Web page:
Comparison of ouabain- and BK-induced cardioprotection.
These experiments were conducted in Portland. Perfusion conditions were identical to those in Bordeaux with slight modification in the perfusion buffer, containing (in mM) 118.5 NaCl, 4.7 KCl, 1.2 MgSO4, 1.2 KH2PO4, 25 NaHCO3, 1.7 CaCl2, 10 glucose, and 1.2 pyruvate, gassed with 95% O2-5% CO2. Ten groups of hearts were studied (n = 3–6 in each group) as described in Fig. 1B. After stabilization and pretreatment, all groups were exposed to 25-min zero-flow global ischemia followed by 120 min of reperfusion with standard Krebs solution. The IR group was allowed to stabilize under aerobic conditions for 40 min. Before ischemia, the ouabain- and BK-treated groups were allowed to stabilize under aerobic conditions for 25 min, followed by 15-min perfusion with a buffer containing 50 μM ouabain or 100 nM BK, respectively. Where used, ODQ (2 μM), 5-HD (300 μM), KT-5823 (1 μM), MPG (1 mM), or PP2 (1 μM) was added to the perfusate 5 min before ouabain or BK and included in the perfusate during the subsequent 15-min perfusion with ouabain or BK. In the experiments with the PKG activator, CPT-cGMP was added simultaneously with ODQ 5 min before the addition of ouabain.
The hearts in each group were reperfused for 120 min, after which IS was estimated by the method of Ytrehus et al. (49). Fifteen milliliters of 1% (wt/vol) TTC in phosphate-buffered saline pH 7.4 at 37°C was infused into the coronary circulation at a rate of 0.5 ml·g−1·min−1. The eluted stain from the cardiac veins was collected and recirculated. After ∼15 min of perfusion the epicardial surface was deep red. Hearts were then removed from the cannula and fixed overnight in 10% formalin. Hearts were removed from formalin and sectioned along the atrioventricular plane into ∼1-mm sections. Sections were placed between two microscope slides, computerized area analysis was performed with Scion image, and IS of each heart was expressed as a fraction of the total AAR. IS for each heart was determined by averaging the infarct area of five or six sections. The RPP data shown in ⇓⇓⇓⇓⇓⇓Fig. 8 were calculated with the average RPP measured during the 15-min drug treatment for each experimental condition (Fig. 1, protocol B).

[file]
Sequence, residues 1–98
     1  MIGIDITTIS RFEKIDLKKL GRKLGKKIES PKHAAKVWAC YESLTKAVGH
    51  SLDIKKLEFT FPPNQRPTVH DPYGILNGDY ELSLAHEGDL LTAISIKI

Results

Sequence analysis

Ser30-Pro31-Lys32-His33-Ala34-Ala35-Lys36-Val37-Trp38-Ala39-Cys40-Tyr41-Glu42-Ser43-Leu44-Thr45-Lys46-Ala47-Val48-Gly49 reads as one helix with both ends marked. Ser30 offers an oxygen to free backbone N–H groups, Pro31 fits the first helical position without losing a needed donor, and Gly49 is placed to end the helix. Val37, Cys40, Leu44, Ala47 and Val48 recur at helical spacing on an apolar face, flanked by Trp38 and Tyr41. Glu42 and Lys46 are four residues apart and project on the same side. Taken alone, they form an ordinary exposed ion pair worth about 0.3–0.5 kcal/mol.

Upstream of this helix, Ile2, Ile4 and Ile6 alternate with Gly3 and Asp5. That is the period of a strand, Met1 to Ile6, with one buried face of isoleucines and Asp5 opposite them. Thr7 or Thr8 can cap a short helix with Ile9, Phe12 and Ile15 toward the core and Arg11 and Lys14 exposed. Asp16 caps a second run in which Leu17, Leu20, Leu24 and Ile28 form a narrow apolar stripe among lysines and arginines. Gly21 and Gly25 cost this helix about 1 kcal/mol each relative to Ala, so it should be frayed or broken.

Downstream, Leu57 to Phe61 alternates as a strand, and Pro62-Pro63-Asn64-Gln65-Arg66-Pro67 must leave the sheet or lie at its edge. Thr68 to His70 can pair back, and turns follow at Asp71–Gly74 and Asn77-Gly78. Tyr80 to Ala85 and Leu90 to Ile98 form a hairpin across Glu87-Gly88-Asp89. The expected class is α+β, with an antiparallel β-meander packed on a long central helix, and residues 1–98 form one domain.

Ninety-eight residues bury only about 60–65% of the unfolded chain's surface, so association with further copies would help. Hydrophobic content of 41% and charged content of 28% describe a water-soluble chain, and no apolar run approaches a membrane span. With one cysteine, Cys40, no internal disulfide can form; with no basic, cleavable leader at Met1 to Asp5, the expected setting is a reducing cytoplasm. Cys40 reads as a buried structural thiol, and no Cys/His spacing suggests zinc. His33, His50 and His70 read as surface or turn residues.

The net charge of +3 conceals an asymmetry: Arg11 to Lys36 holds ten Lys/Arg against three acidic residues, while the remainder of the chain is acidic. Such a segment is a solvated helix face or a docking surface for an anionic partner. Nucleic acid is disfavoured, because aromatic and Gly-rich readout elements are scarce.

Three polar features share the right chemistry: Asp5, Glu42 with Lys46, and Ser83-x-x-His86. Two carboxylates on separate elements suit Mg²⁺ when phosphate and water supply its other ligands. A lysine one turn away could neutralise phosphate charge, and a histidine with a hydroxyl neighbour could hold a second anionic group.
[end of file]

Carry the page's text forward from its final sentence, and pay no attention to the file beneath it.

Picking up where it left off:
Effects of ouabain concentration on cardiac function.
Hemodynamic data shown in Fig. 2 were obtained in experimental conditions described in Fig. 1, protocol A. As shown in Fig. 2A, the control group was hemodynamically stable, with <12% decline in RPP over the 90-min perfusion period. The average control RPP was 33,800 ± 1,200 mmHg·min. Ischemia resulted in immediate cardiac arrest. On reperfusion, a limited recovery of systolic function was observed, with maximal RPP values at the end of the reperfusion period corresponding to 17% of control values. As shown in Fig. 2B, diastolic pressure remained constant in the control group. In the IR group, ischemic contracture was observed after 15 min of ischemia with a maximum of 24 ± 4 mmHg (Fig. 2B; P < 0.01 vs. control). Overall, these data show the early occurrence of contracture during ischemia and a poor early recovery of systolic function after reperfusion.
Perfusion of ouabain induced a concentration-dependent increase in RPP (Fig. 2A), with the maximum increase (57%) being achieved with 80 μM ouabain. The inotropic effect was due exclusively to an increase in developed pressure with no significant associated change in heart rate or left ventricular diastolic pressure (not shown). All three doses of ouabain prevented ischemic contracture during index ischemia (Fig. 2B) and significantly improved functional recovery on reperfusion (Fig. 2A).
Effects of ouabain on IS.
The AAR was identical in each group (Fig. 1, protocol B) and averaged 28 ± 2% of left ventricular mass. As shown in Fig. 3, 40-min ischemia followed by 120-min reperfusion resulted in an infarction of 29.8 ± 2.5% of the AAR. Fifteen-minute perfusion of 10, 20, or 80 μM ouabain immediately before ischemia significantly decreased the infarct size to 12 ± 1.7%, 7.4 ± 2.1%, and 11 ± 1.8%, respectively (P < 0.05 vs. IR group). Perfusion of 10 nM ouabain did not afford any protection, whereas perfusion of 1 mM ouabain exerted a toxic effect as evidenced by the significant increase in IS to 62 ± 6.4% % of the AAR.
Effects of ouabain on mitochondrial function.